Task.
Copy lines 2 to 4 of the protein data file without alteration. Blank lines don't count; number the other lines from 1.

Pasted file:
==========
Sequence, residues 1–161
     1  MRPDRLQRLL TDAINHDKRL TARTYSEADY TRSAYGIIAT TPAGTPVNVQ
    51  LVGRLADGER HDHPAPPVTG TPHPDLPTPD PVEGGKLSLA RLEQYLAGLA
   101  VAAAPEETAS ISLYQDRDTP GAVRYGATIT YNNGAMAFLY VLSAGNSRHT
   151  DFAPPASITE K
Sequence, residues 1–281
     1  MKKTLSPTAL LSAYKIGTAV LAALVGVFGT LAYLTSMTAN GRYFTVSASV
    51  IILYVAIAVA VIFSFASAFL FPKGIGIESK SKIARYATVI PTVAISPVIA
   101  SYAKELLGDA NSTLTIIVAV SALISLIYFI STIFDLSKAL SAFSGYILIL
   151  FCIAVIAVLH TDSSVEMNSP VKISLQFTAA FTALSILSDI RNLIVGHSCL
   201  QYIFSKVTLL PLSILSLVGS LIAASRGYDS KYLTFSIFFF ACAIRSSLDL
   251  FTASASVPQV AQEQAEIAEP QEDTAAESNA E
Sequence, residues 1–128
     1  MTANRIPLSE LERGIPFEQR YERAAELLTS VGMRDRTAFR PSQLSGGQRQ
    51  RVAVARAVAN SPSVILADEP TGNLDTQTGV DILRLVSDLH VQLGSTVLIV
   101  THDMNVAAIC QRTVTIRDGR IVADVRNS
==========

     1  MRPDRLQRLL TDAINHDKRL TARTYSEADY TRSAYGIIAT TPAGTPVNVQ
    51  LVGRLADGER HDHPAPPVTG TPHPDLPTPD PVEGGKLSLA RLEQYLAGLA
   101  VAAAPEETAS ISLYQDRDTP GAVRYGATIT YNNGAMAFLY VLSAGNSRHT